Is the Smith - Goshen Group officially closed to the point that when/if they decide on a good lease, they will not under any circumstances accept more acreage?  It seems like the oil and gas company would entertain contiguous acreage that would help their units.  Also, there are a lot of people getting upset with some deals that haven't materialized as they were told.  Thanks.

Views: 5530

Replies to This Discussion

That will be between the State of Ohio, the ODNR and any the O&G operation working within Belmont and Monroe counties.   

Wouldn't the O&G Co. want that figured out before dishing out $5-6k an acre?

Don't get me wrong, I hope the hard working people of this county get these prices and more, but I see both sides.  I heard Murray wouldn't work with GulfPort on permitting a well earlier this year.

I am relatively certain that there are in-depth negotiations going on behind the scenes between any O&G company interested in Belmont and Monroe counties and the Murray Energy Corp.  The S-G Group committee has paved the way as being a conduit between the State of Ohio, the O&G companies and Murray Energy, all the while developing a very contiguous Belmont County landowner group.  The negotiations that the S-G Landowner Group is aware of shows positivity between all those involved, as in O&G, mining and the State of Ohio.  The S-G groups position is that we must all work together to make this event happen... and as of now, that seems to be the case.

I also must add that this is only my opinion and observation and ask other GMS members to chime in if they are seeing things differently.

Dan,
I agree with you on the position Smith-Goshen has taken in promoting the open dialog between the O/G companies and the coal operators, while also involving the state of Ohio. The coal mining is an issue not only for the well pad locations but also for the transmission lines. I would bet that placing pipelines over active or future mining activity on ground which is prone to subsidence is an issue.

As a Belmont county landowner and member of the S-G group, I have been working to bring our legal rights to extract our minerals to the attention of the group and the participants. I would encourage all landowners of property where the coal was severed/sold to research the original severance deeds. Our predecessors were not without forethought, many of these severance deeds reserved the right to drill through the coal and operate wells for oil and gas. This condition on the original sale of the coal is clearly spelled out in the legal recorded document deeding the coal way from the surface owner, so the coal companies do not have Carte Blanche to stop the extraction of the landowners oil and gas.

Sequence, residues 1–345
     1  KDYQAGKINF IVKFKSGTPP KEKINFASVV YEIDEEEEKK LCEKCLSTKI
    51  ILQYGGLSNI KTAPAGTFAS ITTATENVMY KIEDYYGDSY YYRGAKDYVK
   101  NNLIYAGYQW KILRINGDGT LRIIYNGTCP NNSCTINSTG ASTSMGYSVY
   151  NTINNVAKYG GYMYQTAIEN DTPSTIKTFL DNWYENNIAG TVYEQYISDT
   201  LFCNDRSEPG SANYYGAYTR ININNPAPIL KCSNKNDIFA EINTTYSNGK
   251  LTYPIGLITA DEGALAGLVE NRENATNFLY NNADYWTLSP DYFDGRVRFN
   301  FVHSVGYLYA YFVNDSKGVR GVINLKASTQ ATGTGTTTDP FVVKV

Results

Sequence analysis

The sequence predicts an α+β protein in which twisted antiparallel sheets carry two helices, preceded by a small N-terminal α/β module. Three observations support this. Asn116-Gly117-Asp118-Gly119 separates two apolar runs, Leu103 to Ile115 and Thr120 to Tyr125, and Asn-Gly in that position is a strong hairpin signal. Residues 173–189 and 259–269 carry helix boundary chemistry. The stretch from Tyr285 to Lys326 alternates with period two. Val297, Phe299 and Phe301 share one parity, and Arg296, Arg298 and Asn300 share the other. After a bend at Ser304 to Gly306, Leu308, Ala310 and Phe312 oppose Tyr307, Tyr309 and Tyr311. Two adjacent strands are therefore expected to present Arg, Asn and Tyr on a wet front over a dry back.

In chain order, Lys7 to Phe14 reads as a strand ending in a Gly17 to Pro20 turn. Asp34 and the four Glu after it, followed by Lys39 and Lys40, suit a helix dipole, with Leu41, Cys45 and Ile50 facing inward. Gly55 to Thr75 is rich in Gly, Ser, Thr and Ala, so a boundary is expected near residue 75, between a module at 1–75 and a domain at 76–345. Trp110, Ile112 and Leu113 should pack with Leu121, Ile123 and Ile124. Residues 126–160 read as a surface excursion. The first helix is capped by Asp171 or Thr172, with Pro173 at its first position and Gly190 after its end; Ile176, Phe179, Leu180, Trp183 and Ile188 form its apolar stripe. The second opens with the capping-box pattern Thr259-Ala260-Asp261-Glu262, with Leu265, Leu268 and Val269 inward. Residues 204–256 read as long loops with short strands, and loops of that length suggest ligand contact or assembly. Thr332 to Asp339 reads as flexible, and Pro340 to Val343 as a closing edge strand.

The O/G companies has been provided many examples of these severance deeds by the S-G group. The group has been thoughtful and deliberate in their approach to marketing their acreage.

If you think about it, when our forefathers were selling the rights to the coal, the coal companies weren't using the long-wall technology they are using today.  Back then, late 1800's and early 1900's, they were using the "room and pillar" type of mining.  My thinking is that the coal operators figured they could allow this type of language in the coal sale because a simple survey would tell the coal operation to mine around a casing pipe in the ground and not disturb it.  Long-wall is a different story altogether... its difficult and costly to have to mine "around" an area.

All the more reason for relationship building between O&G and coal.

Time and the courts will tell, but ultimately, I believe those of us who have that language in our deeds where our coal rights were severed will win. Our right to access our oil and gas predates the coal companies abandoning room and pillar mining for the more profitable long walling method.

I have heard that companies can drill under our unleased land in ohio and give us only 12.5% if they have enough leased land around it.   Does anyone see this happening?  I am still waiting to sign in the smith goshen group.  Many of my neighbors have signed with enough land to have a well.  If chesapeake decides to drill before i get signed and would use my land, i dont see how that would be fair considering we are negotiating a lease.  Should I be worried? I dont want to miss out and get 12.5%. 

Deron, I think we are far away from that scenerio happening here in Belmont County.  If a company wants to drill in your area and you could possibly become a part of the unit, my guess is that any major company would do their best to get you signed up within their unit if it came down to it.

Forced pool or unitization has happened like only once in Ohio. The driller must have 90% of the unit under their control and must have the ODNR sign off on it and its not a cut deal by a long shot for them. They have to explain WHY they NEED YOUR LAND they have to state the offers made to you before they can even try to start the process! 

Deron,

 

A lawyer once told me in conversation that the oil company would have to show that they have made you a legitimately fair offer and have tried to get you signed.  I take this as, they would at least have to offer you the same terms as your neighbors or if the current going rate.   See also Billy Park Whyde's answer for other conditions they would have to meet.

No oil company can even consider forced pooling until they have made every effort to lease your land and you have continually refused their offers. I don't believe you are in that position.

Is the Smith - Goshen Group still closed to new members? 

 

Is the Murray Energy coal issue affecting ALL members or only a percentage as a whole and will the Smith-Goshen Group ONLY sign a lease if the oil and gas company accepts ALL members?

RSS

Local Groups

advertisements

Subscribe to Weekly Shale